Belen not settling for 'OK'

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School grades are out and although Belen Consolidated Schools fared OK when compared to schools across the state, Belen Superintendent Ron Marquez said they aren't settling for just "OK."

"We've got to do better," said Marquez.

Gov. Susana Martinez released the first official school grades utilizing New Mexico's A-F School Grading System Monday.

This grading system replaced the Adequate Yearly Progress federal rating system in January after the New Mexico Public Education Department submitted a waiver to the U.S. Department of Education.

At that time, the department was offering flexibility to the No Child Left Behind Act of 2011, which gave states an alternative assessment tool to grade their school's performance.

Almost 98 percent of schools throughout the state would not have made AYP this year, but with the new grading system, that number was reversed, according to an email from PED spokesperson Larry Behrens to superintendents and charter school directors.

"You are aware 98 percent of our schools are not failing (with the state grading system)," Behrens said.

School grades were based upon three years worth of data from academic growth, attendance, improvement of the highest and lowest performing students, standardized test scores, and college and career readiness.

Also calculated into the grades was up to 10 points for the Opportunity to Learn survey, where student's measure their classroom satisfaction, and five bonus points, which Marquez said PED is yet to release information on how schools can gain these points.

This state specific approach "provides better information" in regards to student progress and achievement, the governor's release states.

In comparing preliminary school grades released in January reflecting data from the 2010-11 school year, to grades released on Monday for the 2011-12 school year, five Belen schools dropped a letter grade with La Promesa Elementary School dropping two letter grades, two schools increasing a letter grade and four schools maintaining their grade.

"There's a lot of work to do and we have a lot of things we need to work on, but we're also going to celebrate some of the good things," Marquez said.

He applauded Belen Middle School's success for increasing their grade from a C to a B, and said the district needs to pick Belen Middle School Principal Sheila Armijo's brain to see what she did.

"She talked about her students being proficient versus giving them letter grades, and I think those are some of the things that she worked hard at by getting parents to understand that it doesn't matter if you get an A in a class if you don't understand the material," Marquez said.

He also pointed out a 10-point gain at Infinity High School, which brought their grade from an F to a D.

Principals throughout the district were unanimous on their next steps — take an in-depth view of the raw data used to calculate school grades, analyze where the dips occurred and create an action plan to improve next year's grades.

Dennis Chavez Elementary School Principal Rita Martinez said her school is planning on evaluating student programs, modifying instruction time and finding funding to hire a reading specialist, which the school doesn't currently have.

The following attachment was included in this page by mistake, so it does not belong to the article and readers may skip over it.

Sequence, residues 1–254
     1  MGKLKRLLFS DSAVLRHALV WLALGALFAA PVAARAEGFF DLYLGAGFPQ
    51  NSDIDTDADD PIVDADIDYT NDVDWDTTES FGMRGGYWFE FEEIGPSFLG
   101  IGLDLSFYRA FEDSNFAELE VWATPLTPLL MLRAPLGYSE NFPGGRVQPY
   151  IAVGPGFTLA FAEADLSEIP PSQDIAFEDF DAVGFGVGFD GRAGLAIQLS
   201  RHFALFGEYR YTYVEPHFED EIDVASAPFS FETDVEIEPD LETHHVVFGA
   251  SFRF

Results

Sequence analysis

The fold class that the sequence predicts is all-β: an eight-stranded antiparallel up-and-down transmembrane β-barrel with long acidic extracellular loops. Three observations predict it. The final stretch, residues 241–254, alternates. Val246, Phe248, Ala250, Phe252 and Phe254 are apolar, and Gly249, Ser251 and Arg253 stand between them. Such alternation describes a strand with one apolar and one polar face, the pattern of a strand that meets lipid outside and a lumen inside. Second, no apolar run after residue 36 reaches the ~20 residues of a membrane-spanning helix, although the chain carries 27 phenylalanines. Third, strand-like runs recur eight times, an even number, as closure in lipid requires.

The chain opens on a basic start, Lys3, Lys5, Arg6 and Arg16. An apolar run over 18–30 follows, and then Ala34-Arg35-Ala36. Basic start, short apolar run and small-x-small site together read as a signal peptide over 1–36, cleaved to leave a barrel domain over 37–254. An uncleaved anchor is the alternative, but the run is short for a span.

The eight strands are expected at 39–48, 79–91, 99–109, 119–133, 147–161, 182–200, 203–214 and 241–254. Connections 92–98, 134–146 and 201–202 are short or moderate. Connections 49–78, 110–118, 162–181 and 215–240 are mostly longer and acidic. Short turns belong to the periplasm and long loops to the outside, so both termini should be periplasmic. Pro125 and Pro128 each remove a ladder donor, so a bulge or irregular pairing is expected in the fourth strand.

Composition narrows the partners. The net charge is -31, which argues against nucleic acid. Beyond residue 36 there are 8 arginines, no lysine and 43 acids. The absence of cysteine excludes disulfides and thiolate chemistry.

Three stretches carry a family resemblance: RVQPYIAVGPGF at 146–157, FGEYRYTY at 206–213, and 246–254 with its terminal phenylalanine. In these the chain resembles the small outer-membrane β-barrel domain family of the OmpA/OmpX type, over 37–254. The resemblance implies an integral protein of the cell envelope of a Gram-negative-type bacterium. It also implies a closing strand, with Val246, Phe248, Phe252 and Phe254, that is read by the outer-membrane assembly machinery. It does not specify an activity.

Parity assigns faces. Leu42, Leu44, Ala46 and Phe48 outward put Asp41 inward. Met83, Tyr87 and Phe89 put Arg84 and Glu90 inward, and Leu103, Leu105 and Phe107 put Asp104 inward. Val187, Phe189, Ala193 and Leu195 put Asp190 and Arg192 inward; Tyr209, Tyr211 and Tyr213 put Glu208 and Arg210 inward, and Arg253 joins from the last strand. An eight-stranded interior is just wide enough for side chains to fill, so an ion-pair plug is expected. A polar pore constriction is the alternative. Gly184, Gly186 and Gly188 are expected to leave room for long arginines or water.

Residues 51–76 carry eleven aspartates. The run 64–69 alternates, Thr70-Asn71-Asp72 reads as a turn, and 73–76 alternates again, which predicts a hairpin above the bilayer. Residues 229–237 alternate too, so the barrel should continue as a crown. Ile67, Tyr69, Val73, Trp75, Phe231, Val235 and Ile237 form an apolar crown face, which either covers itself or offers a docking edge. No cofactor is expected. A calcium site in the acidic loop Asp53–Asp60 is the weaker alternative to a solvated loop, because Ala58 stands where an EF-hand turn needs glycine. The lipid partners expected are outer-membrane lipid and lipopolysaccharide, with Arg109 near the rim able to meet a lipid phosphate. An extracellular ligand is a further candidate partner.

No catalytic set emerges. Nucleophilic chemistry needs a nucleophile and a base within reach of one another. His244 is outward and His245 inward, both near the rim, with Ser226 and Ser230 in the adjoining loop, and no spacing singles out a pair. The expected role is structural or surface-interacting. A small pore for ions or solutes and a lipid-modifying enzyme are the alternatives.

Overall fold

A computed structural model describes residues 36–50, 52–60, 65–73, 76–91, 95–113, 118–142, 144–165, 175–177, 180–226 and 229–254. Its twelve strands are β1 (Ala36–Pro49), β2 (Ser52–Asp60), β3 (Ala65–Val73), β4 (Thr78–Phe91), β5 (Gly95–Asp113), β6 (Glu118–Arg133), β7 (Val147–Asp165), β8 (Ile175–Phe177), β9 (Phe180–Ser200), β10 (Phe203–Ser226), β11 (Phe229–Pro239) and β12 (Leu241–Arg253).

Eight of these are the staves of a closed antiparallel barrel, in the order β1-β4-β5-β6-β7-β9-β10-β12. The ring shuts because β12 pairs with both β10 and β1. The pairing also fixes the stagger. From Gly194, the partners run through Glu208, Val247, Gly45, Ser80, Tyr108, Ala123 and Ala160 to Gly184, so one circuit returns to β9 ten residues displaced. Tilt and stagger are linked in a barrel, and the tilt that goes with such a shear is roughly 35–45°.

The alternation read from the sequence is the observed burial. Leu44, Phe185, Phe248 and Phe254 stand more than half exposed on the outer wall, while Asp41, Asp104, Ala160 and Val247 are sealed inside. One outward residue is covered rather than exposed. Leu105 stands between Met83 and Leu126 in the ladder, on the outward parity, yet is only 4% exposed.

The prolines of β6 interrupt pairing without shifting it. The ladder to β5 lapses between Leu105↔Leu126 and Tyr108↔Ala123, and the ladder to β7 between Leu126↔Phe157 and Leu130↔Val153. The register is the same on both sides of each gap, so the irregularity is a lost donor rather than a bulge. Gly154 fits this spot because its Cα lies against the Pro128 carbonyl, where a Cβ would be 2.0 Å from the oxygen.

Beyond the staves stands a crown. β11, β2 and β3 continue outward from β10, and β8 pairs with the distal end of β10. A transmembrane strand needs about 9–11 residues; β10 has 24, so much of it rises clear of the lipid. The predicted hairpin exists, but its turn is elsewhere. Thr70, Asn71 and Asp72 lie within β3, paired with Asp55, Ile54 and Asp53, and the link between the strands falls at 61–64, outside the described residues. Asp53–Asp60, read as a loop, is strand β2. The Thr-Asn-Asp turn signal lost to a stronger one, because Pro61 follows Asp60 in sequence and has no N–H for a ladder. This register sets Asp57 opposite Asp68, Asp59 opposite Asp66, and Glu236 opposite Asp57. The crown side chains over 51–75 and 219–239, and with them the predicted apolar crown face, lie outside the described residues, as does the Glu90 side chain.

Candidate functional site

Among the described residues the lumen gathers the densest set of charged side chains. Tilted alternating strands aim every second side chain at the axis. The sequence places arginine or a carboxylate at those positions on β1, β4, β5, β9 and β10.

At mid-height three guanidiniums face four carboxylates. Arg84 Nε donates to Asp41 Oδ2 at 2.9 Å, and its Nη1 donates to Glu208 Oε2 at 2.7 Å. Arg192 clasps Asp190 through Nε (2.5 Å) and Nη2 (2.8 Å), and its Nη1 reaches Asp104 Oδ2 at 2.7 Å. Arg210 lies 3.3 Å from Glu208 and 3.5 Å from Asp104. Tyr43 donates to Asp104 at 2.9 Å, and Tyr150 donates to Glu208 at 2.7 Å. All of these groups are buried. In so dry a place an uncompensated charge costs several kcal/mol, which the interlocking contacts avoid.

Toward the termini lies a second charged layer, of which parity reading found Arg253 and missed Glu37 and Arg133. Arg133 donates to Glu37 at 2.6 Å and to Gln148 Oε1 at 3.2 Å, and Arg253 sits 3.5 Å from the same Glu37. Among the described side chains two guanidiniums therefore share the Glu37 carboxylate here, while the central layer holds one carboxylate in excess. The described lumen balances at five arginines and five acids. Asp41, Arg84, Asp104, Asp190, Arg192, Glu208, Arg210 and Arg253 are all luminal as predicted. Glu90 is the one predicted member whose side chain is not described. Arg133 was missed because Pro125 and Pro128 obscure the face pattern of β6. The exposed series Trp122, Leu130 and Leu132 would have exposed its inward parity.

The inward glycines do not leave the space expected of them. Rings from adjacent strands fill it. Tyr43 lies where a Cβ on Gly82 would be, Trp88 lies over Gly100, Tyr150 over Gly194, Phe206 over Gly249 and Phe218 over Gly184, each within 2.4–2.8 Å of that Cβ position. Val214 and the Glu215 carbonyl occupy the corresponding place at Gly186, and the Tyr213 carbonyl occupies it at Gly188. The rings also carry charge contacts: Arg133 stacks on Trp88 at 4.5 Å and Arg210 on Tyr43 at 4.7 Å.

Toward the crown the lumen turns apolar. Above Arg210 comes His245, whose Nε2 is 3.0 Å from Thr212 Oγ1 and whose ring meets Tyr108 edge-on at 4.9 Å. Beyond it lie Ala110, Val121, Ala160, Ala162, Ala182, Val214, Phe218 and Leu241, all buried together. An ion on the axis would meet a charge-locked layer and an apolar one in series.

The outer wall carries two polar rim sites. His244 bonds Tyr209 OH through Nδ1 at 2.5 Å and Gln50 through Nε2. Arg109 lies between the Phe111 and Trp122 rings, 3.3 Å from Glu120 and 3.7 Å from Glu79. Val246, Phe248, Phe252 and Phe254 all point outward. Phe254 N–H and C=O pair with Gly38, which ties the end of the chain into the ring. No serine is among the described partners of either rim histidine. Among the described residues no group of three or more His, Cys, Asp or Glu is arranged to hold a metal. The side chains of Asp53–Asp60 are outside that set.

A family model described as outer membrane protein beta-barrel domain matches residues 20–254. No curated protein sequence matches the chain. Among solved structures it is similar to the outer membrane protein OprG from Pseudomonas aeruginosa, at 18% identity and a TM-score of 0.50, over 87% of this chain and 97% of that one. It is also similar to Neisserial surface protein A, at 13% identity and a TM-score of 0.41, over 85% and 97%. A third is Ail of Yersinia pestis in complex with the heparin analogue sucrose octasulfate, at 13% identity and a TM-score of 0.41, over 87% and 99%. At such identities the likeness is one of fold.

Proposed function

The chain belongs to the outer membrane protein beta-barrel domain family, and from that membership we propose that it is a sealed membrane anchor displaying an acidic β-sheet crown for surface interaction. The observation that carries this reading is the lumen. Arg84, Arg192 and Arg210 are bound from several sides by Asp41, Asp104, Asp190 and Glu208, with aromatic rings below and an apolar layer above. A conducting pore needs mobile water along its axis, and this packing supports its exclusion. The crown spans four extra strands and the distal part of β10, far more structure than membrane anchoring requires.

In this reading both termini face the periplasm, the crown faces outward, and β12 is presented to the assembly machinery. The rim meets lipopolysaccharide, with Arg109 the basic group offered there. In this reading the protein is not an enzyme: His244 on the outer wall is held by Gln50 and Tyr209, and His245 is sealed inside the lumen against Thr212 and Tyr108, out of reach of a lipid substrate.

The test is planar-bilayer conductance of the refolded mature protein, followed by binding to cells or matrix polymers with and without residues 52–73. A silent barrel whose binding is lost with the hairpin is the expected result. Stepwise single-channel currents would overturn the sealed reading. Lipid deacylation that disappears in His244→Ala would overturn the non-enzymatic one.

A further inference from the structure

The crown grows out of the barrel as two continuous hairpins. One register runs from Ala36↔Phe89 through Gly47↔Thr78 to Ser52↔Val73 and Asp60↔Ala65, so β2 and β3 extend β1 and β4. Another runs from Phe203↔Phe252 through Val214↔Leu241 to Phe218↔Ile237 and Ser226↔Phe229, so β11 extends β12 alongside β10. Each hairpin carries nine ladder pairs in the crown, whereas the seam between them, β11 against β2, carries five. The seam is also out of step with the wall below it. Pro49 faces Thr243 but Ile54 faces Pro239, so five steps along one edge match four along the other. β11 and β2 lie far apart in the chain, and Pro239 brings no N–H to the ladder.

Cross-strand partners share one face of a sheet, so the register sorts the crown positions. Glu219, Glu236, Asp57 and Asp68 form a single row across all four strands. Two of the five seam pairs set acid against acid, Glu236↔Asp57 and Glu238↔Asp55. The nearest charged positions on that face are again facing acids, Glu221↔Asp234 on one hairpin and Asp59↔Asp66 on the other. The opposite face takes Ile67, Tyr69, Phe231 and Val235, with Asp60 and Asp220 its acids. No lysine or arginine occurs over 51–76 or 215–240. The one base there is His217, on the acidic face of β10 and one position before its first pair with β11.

In Gil Sanchez Elementary School's grade, Principal John Caldarera noticed parent involvement needs to be increased and teachers need to find a way to aid students who scored on the lower end.

"I think when you see our scores next year, they'll be pretty good," Caldarera said.

At Rio Grande Elementary School students will be taught how to develop thinking skills to ask deeper questions and improve understanding within a subject, said Barbara Thoms, Rio Grande principal.

Although Buddy Dillow, principal at Infinity High School, said the school was pleased they improved their grade, they weren't content with where they stood.

Teachers plan on diverting their focus to proficiency in each subject and linking its importance to student success and graduation.

Beginning in August, if students don't pass Student Based Assessment by their senior year, they don't receive a diploma.

"We want all of our kids to not only graduate and get credits, but more importantly is that kids learn what they need to learn to be proficient and pass the SBA," Dillow said.

"It was disappointing to have dropped from a B to a C," said Henry T. Jaramillo Community School Principal Carla Martinez. But now the school has a more accurate picture of their strengths and weaknesses.

She said teachers will focus on the growth of highest and lowest performing students and how to meet student needs to help them improve academically.

On top of figuring out what each school needs to focus on, Isela Jaquez, La Merced Elementary School principal, said the state will be giving districts guidance on ways to improve.

"We've got a lot of work to do now and I think we're ready for it," Jaquez said.

Principals throughout the district will also gather to discover what strategies worked for them and which ones didn't.

However, administrators agree that switching to the Common Core Standards, aimed at teaching students the same curriculum and skills across the nation to better prepare them for college or the workforce, will aid in improving school grades.

The Common Core, implemented for those from kindergarten through third grade beginning in August, will aid in improving better instruction of a limited amount of material and student's success rate, since students will be taught a subject until they've mastered it, said Martinez.


-- Email the author at aortiz@news-bulletin.com.